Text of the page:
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Why measure the amount of CO2 in the air?

CO2 sensors are comfort indicators but do not replace air treatment with a Shield series air purifier

Recommended and subsidized by the French State since February 4, 2022, CO2 detectors are currently being deployed in various schools throughout the country. Indeed, the COVID crisis has highlighted the importance of the risks of contamination in enclosed spaces. CO2 has quickly become an indicator of the risk of contamination within an indoor space.

But what do they really measure and what are they used for?

It is worth noting that carbon dioxide does not carry viruses in the air and is therefore not a means of contamination. In fact, the viruses present in the air are found in aerosols and ultra-fine droplets.

CO2 is not an indicator of good or poor air quality or of risks of contamination or not. This gas is not harmful except at high doses and does not allow the presence of allergens, viruses, and many other nuisances present in the air to be measured.

So why measure the level of CO2 in the air?

VMC systems are generally poorly maintained and can contaminate the air in the parts they aerate, which leads to the need for air purification by a professional air purifier such as the JVD ShieldCO2 is an indicator of the number of people, confinement, and therefore of the comfort one has in a room, just like humidity. A measurement of this indicator simply serves to verify that the room's ventilation is sufficient in relation to the number of people in an indoor space. It is an excellent indicator of ventilation.

Over-ventilating an environment will help control your CO2 and humidity levels, and therefore the comfort of your room. However, this does not allow a CO2 sensor to provide a risk of contamination or the introduction of allergens by outside air and other pollutants within a room. Indeed, if this were the case, it would be a past indication, so the information delivered would be too late or simply incorrect.

In 2012, ANSES warned that CO2 should not be used as an index of air quality but as an index of comfort (Referral 2012-SA-0093) and recommended that CO2 be an indicator of confinement.

Measurements of a CO2 sensor alone cannot indicate a real risk of contamination
To illustrate these explanations, let us take the example of a meeting in a 30 m2 room with 8 healthy people and an air renewal of 300 m3/h. The level of 800 ppm of CO2 will be quickly exceeded after 20 minutes. The CO2 sensor will sound the alarm of contamination. This is a false alarm.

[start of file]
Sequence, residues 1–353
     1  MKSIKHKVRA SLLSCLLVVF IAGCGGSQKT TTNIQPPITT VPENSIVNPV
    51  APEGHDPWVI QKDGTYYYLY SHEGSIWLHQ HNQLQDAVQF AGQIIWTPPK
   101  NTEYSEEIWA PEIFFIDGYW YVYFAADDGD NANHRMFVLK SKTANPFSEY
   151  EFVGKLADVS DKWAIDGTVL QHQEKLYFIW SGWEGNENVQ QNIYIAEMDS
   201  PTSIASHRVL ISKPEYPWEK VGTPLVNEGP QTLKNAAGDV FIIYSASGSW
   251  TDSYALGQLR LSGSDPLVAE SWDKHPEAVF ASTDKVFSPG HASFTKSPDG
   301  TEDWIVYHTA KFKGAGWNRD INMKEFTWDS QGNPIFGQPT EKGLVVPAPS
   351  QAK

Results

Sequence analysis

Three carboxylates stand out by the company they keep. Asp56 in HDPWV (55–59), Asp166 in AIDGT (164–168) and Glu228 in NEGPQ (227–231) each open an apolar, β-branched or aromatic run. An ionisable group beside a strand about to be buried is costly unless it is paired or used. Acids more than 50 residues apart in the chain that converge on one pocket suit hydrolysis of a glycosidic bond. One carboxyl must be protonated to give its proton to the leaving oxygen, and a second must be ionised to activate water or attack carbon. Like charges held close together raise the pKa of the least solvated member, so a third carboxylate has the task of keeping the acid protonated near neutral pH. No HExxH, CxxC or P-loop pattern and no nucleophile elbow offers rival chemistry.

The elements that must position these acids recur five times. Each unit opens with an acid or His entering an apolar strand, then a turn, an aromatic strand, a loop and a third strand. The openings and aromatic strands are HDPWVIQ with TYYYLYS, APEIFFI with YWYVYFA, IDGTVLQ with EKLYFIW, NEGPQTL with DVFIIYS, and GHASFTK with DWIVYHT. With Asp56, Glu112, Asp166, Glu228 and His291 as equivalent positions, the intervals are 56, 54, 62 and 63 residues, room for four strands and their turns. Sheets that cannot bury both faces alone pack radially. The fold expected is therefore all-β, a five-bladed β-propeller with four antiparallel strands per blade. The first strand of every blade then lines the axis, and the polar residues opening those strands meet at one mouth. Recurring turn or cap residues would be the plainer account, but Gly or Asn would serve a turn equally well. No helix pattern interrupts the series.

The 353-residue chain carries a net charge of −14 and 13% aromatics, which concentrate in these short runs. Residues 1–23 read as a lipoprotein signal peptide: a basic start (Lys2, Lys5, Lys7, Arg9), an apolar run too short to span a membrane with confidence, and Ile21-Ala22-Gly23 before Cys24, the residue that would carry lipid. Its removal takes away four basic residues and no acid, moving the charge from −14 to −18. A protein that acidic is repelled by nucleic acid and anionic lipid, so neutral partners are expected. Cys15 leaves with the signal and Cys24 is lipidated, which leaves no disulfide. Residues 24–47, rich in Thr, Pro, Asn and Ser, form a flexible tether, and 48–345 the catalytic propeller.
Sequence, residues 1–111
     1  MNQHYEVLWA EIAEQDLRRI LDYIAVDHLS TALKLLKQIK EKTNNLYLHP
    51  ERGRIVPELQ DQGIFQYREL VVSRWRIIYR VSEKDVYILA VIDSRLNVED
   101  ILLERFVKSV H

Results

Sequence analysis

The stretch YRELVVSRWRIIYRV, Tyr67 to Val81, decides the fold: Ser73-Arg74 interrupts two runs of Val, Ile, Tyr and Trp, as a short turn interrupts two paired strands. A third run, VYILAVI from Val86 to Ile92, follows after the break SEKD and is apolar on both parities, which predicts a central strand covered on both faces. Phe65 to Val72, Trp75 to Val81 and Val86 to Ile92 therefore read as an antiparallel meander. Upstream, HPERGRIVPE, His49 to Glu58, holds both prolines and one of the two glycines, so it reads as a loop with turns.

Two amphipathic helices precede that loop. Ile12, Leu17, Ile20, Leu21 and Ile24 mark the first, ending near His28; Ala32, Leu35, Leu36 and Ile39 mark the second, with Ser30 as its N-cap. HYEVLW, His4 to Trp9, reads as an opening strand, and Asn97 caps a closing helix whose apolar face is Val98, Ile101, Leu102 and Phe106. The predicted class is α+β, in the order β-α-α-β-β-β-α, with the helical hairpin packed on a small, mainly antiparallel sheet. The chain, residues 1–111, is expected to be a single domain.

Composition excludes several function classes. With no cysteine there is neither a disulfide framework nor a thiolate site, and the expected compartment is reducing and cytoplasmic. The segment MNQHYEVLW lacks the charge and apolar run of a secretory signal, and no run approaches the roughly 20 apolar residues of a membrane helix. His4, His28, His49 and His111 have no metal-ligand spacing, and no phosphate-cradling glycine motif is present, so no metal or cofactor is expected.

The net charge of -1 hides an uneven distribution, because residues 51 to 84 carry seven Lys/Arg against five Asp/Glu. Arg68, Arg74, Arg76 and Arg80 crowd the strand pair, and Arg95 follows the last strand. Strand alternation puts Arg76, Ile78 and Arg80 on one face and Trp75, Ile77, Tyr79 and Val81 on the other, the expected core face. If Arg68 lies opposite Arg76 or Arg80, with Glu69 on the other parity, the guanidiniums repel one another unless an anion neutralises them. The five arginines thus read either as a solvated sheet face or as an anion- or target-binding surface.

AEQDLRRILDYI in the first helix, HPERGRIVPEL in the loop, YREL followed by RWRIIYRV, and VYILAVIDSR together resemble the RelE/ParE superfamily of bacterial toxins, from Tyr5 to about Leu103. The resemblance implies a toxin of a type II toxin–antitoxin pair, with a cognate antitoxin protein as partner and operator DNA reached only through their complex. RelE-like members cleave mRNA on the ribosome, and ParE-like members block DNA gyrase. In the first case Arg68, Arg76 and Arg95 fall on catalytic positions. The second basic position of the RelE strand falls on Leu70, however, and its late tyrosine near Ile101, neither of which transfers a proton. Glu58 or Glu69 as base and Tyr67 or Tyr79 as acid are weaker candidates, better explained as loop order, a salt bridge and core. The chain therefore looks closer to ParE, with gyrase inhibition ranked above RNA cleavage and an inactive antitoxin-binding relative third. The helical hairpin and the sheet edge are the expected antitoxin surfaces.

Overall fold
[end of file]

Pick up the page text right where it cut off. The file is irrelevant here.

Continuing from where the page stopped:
Let us take the same ventilation and the same room with 2 people, one of whom is sick. The sensor will not sound any alarm, yet the risk of contamination is real because the healthy person is in the presence of the contamination source.

Some manufacturers of more advanced sensors have realized this inconsistency and have started developing virtual sensors integrating several parameters (CO2, humidity, number of aerosols, etc.).

So what should you do when the CO2 level is too high in an indoor space?

The measurements of CO2 sensors do not indicate pollution sources coming from outside and ventilation ducts. Therefore, you cannot solve the exposure to pollutants and risks of contamination that a human being will continuously and locally bring into a room through conventional means, or at least it is not the most advantageous choice for you.

Indeed, given the required air renewal rate, you would need to open the windows every 15 minutes or over-boost existing ventilation systems, resulting in sub-problems such as high heat losses in the ambient air in winter, for example. Needless to say, this will quickly be felt economically, ecologically, and socially, which is absolutely not desirable for an establishment, whether public or private.
It is important to link air quality sensor information to actions such as activating a JVD Shield or Shield Compact air purifier

To effectively address issues related to exposure to local and external sources of pollution, local air purification is needed, using an air purifier operating at a sufficient mixing rate to reduce direct exposure. This is a real complement to ventilation systems coupled with CO2 sensors.

It is evident that today, a sensor is not only used to educate people about air quality. If it is reduced to this task alone, people will become tired of the information, and it will lose its value. Therefore, it is necessary to create a relevant interaction with the measuring tool and enable the user not only to understand the surrounding environment but also to adapt their use of an air treatment system accordingly.


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